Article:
From Haiti to Minnesota: Sanneh Foundation brings in some of state’s best soccer players
ST. PAUL -- Soccer is a cornerstone of the Sanneh Foundation’s humanitarian work in Haiti, but it’s mostly means to another end.
The St. Paul-based nonprofit uses the sport to help impoverished children eat healthy meals, receive an education and become leaders in a downtrodden area of Port-au-Prince. As they advance in the program, some kids have received opportunities to be foreign-exchange students in the U.S.
Three Haitian boys in the program have blossomed, and soccer has been a big reason why. They starred for Minnesota high school boys programs last season and plan to play NCAA Division I soccer as soon as this fall. But don’t conflate the foundation’s true objective being some sort of youth development academy.
Last week, Minneapolis Washburn senior midfielder Jameson Charles was named the Gatorade Player of the Year for Minnesota. His teammate, forward Darly Florvil won the state’s Mr. Soccer award for Class 2A, while Totino-Grace forward Steevenson LeMarre was a finalist for Mr. Soccer for Class 1A.
Charles has a scholarship to North Carolina, and LaMarre has signed with Creighton. Florvil plans to go to a prep school before enrolling at Northwestern in 2021.
“This last group has been the most successful,” said foundation founder Tony Sanneh, a former U.S. men’s national team member who played for the Minnesota Thunder, in MLS and in Germany.
The Sanneh Foundation’s efforts in Haiti started in 2010 after a 7.0-magnitude earthquake devastated the Caribbean capital. The foundation now hosts regular groups of more than 300 children from the Cite Soleil neighborhood and seeks sponsorships to keep the kids in school while feeding them a meal six days a week and teaching them English.
Ten Haitians have come to Minnesota school as exchange student-athletes since 2014, including at North St. Paul, Edina, Orono and Holy Angles. The first huge success was Juan Louis of Minneapolis Washburn, the state’s 2016 Gatorade Player of the Year. After he won the award, he donated its $1,000 prize money to the Sanneh Foundation. He will be a senior forward for Drake this fall.
While these are shining examples, the program has overcome hurdles. Some students have struggled with culture shock, a language barrier and psychological changes. One or two previous situations for Haitian children have not worked out because of a lack of proper support with host families and attempts to adopt children that weren’t orphans, Sanneh said.
“I told families here, if we can’t control you trying to steal kids from Haiti, as some people have, in some sense, thinking they are saving them, then we just won’t bring them here,” Sanneh told the Pioneer Press this week. “It’s unfortunate. We had to decrease the number of kids that can probably come because some (hosts) have taken on their own to do what they felt like they needed to do to help people from that situation.”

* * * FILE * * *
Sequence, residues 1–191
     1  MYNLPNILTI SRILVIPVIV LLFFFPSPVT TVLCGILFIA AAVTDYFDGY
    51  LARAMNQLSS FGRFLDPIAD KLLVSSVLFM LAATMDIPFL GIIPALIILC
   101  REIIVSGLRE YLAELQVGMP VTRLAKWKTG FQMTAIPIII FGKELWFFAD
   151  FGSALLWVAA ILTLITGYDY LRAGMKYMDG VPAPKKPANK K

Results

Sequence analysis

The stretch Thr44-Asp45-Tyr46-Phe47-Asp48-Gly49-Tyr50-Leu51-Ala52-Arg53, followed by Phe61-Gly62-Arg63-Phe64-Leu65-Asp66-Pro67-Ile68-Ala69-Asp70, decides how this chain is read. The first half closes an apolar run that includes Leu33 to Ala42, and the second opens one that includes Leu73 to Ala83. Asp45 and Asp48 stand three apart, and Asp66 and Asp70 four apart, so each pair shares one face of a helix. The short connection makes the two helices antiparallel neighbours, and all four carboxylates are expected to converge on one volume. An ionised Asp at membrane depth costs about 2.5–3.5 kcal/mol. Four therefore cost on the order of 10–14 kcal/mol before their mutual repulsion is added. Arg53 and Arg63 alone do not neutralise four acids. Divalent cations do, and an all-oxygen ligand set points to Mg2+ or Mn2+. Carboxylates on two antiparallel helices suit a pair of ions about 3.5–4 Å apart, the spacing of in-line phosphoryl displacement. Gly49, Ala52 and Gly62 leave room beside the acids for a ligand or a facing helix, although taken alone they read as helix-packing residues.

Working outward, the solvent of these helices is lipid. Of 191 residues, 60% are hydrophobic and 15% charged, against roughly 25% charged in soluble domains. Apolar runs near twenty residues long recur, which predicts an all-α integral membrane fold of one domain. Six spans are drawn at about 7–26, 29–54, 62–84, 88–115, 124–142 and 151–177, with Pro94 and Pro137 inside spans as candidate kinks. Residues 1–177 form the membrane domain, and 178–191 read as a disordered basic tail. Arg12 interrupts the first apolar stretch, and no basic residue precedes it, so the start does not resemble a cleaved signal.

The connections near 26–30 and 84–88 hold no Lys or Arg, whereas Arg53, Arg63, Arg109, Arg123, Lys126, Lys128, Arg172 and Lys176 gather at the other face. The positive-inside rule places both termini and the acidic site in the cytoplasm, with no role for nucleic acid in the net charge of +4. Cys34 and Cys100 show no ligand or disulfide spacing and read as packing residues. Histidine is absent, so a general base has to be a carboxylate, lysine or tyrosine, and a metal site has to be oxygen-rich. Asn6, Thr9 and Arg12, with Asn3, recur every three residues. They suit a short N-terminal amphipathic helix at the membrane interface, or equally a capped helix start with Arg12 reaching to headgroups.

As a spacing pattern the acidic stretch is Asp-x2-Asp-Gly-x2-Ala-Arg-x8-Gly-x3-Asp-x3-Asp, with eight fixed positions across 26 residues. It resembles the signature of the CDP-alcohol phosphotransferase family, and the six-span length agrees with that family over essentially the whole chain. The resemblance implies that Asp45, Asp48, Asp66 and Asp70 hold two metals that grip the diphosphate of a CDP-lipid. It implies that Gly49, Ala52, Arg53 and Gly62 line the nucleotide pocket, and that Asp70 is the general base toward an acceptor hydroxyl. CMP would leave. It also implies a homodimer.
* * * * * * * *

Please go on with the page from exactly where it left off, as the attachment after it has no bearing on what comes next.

The coronavirus pandemic has put this summer’s exchange program on hiatus. For children to be eligible to come to the U.S. in normal years, they need to have positive attitudes, attain academic success and have consistent attendance in the Sanneh Foundation’s program.
“They go back to the same situation that they came, but what we need to do is empower them and put them in a position to be successful there,” Sanneh said. “We have to be careful that we can’t take all of their best kids and their best talent and leave because then what do we leave it left with? What we want to do is cultivate and develop the best people there and give them educational opportunities here so they can go back there and lead.”
Charles, this year’s Gatorade Player of the Year, epitomizes the maturity and leadership Sanneh wants to see from the children. For three years, Charles has volunteered at Sanneh’s camps and been a part of their retreats to Alexandria, Minn.
Before Charles and Forvil’s junior year, Washburn had a team meeting about the group and individual challenges going into that season. What Charles shared on poverty and lack of family support opened teammates’ eyes.
“He shared a moment about when he was 8 years old in Haiti and the things he had to go through,” Washburn coach Aaron Percy said. “It really hit home for a lot of the guys how mature he had to become and what he had to deal with at an age that he shouldn’t have to deal with.”
While Haitians have helped Washburn succeed at the state level, Percy said the only reason these three players came into his program were the host families happened to live within the school’s geographic boundaries.
Charles is serious about his soccer career, but Sanneh, a World Cup veteran and repeat nominee for induction into the National Soccer Hall of Fame, said he doesn’t try to be a helicopter mentor to the promising players.
“I try to make it and want it to be more about them growing up and the other stuff will sort itself out,” Sanneh said. “If they (ask for) specific advice, I will give it. … They are kids, too, and it’s important that we don’t over-emphasize (soccer). What I’ve tried to do is coach the good things that we do in the community and hope that they continue to do that and share those values.”